Ismaelle Vixsama: advocating for women, non-binary individuals and people of color in tech
Last time, we spoke to Alexandria Heston, a UX and interaction designer at Magic Leap Studios. In this installment, we’re featuring Ismaelle Vixsama, an information security governance and strategy professional.
Ismaelle holds a Master of Science in cybersecurity, she’s a certified information security manager and she’s familiar with a wide variety of compliance specialties including ISO 27001, National Institute of Standards and Technology (NIST), Gramm-Leach-Bliley Act (GBLA) and the Federal Financial Institutions Examination Council (FFIEC). In addition, she is experienced in developing, implementing and managing security governance programs across financial services, government and cyber research industries.
In an effort to learn more about Ismaelle, her advocacy work and her career, we asked her a few questions.
Trulioo: Your foray into security was somewhat unplanned. Can you share your journey?
Ismaelle: I stumbled into information security back in 2012. My first job out of college was at a financial services firm and the job I was doing was unsatisfying. I knew at the time this wasn’t the right fit for me. About six months into the job, it was time to go.
I polished my resume and put it onto Monster. Within two weeks, I was contacted by a recruiter for a phone screening for a contract position at a large international bank. The recruiter was looking for someone that had my background — they wanted someone green, with internships in fields such as internal audit or compliance. The next interview was with the certified chief information security officer (CISO), unbeknownst to me. I was very energetic in my interview and expressed that I was willing to learn anything that was being taught. I was hired that same week. From there, I was quickly acclimated to the team. I was able to shadow the senior information security officers (ISOs), learn on the job and work on interesting projects. Within nine months, I was offered a full-time role assessing internal controls within the same department.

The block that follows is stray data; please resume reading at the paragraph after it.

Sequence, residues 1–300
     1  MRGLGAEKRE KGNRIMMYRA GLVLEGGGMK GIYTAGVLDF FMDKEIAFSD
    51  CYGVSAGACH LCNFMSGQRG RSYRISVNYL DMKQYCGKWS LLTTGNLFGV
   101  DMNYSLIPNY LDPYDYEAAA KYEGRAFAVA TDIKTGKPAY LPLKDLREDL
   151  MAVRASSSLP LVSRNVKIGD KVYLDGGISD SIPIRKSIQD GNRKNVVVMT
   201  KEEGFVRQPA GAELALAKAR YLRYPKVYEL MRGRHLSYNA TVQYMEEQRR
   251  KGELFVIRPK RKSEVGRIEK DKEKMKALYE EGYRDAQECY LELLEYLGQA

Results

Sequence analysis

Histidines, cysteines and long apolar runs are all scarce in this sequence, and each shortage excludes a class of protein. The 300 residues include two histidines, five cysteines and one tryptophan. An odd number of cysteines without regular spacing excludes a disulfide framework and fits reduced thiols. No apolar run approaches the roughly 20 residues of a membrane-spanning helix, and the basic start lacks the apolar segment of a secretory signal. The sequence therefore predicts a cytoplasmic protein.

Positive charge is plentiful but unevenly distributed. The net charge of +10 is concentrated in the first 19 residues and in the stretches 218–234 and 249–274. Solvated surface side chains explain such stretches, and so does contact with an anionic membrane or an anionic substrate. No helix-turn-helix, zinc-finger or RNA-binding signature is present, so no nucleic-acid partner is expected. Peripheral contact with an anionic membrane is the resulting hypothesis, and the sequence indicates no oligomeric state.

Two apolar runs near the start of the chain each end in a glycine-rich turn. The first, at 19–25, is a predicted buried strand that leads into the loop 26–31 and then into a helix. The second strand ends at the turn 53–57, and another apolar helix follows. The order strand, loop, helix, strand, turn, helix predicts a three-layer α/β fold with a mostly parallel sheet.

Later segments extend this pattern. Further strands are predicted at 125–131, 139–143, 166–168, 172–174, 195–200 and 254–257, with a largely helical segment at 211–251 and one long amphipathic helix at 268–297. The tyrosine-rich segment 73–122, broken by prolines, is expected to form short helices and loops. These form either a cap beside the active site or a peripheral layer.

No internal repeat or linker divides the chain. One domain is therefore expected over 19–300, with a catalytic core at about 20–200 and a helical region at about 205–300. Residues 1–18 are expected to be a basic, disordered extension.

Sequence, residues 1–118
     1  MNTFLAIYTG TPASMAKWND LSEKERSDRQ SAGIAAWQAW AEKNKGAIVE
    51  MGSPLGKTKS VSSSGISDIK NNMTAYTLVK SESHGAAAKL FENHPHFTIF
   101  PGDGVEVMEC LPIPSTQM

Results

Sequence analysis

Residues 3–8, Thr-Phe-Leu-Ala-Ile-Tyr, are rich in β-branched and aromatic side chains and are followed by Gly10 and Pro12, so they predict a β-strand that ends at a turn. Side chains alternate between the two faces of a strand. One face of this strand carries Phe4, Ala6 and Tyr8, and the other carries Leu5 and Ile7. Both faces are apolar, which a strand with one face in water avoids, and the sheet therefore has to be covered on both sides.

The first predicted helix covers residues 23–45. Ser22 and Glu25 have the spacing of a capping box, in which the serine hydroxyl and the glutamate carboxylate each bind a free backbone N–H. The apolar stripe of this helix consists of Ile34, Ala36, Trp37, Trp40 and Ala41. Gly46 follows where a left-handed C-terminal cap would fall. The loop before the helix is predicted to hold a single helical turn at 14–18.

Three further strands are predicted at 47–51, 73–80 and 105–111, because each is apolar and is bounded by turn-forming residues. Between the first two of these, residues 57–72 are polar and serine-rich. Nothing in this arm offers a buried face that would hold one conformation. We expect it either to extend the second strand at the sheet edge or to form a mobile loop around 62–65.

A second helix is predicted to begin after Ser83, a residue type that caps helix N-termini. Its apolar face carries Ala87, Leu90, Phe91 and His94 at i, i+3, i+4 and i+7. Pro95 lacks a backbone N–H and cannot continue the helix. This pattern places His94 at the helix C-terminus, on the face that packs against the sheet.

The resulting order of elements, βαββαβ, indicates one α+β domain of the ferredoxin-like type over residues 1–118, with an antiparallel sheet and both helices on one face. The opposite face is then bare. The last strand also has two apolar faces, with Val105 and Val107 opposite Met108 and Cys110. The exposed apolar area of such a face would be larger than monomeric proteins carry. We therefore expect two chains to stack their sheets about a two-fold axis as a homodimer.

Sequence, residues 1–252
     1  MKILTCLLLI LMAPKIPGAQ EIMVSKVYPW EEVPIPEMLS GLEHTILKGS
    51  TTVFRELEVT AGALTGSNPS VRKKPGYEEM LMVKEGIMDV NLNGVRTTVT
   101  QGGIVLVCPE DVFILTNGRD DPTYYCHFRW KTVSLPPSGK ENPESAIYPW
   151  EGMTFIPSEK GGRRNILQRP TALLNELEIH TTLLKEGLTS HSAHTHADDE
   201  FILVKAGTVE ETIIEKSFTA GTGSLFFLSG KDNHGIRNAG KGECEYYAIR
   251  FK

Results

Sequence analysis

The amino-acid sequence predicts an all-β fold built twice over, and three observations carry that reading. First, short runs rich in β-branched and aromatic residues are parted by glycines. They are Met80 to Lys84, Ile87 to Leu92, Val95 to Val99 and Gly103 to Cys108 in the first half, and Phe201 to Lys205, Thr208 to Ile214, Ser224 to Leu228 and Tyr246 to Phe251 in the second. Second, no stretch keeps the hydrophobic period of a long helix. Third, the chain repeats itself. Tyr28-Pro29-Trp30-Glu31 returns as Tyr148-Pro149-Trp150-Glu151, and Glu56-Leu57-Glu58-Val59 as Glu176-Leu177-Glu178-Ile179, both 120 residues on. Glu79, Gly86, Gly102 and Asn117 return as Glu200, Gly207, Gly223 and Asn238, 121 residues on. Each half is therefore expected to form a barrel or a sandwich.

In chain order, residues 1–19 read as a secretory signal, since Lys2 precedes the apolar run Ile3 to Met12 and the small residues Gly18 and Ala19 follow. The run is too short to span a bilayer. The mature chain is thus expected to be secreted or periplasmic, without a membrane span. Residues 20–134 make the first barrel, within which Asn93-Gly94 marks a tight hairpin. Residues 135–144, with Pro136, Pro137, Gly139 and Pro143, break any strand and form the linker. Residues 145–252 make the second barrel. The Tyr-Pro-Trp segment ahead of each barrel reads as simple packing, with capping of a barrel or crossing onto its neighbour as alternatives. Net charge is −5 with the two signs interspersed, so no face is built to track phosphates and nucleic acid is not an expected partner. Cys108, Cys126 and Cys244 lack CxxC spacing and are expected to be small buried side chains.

Trulioo: In your opinion, what were the top three incidents in cybersecurity last year?
Ismaelle: Facebook in my opinion is probably the incident that had the most impact – hackers were able compromise 30 million users. Google+ was the second most significant breach in 2018. This one was noteworthy due to the way the breach notification was handled. More than 50 million users had their data exposed and the company did not disclose this information. Lastly, the Marriot breach was the third most important breach of the year, affecting the records of up to 500 million customers.
Trulioo: Can you offer some advice to someone pursuing a career in cybersecurity?
Ismaelle: I think when finding your path in cyber, the most important things to consider are knowing what interests you and what your skills are. Once you have those identified, do some research on positions that could fit. Look at the required skills, certs and competencies. Create a self-study plan. I also recommend finding mentors that are in the desired role, attending meet-ups and conferences, and watching YouTube videos.
Trulioo: What do you think is the biggest challenge currently facing women within cybersecurity?
Ismaelle: The number of women in cybersecurity represents 11 percent of the industry. For women of color it is even less. The challenge isn’t that there aren’t women with the proper skills but companies aren’t doing enough to attract, train and maintain these women. There should also be an effort to recruit women that are already in tech or that have a computer science background. This is the best method to find skilled women.
Finally, here’s a quick-fire fast five round:
My Eureka moment was …
When I realized no matter how much you know in security, there is always still so much more to learn.
My go-to-app is …
I like to google things and have the Google Search app on my phone.
I like to decompress by …
Watching anime and listening to meditation music.
If I didn’t work in cybersecurity, I would be …
Working as a financial manager.
The biggest risk I ever took was …
Moving across the country to a new city and state over 3,000 miles away from my family.
To learn more about Ismaelle and keep up to date with what’s she doing, follow her on Twitter. If there’s a female trailblazer that you’d like to see featured in our Women in Tech blog series, please send your suggestions to firstname.lastname@example.org. Check out our previous posts here and stay tuned for the next installment!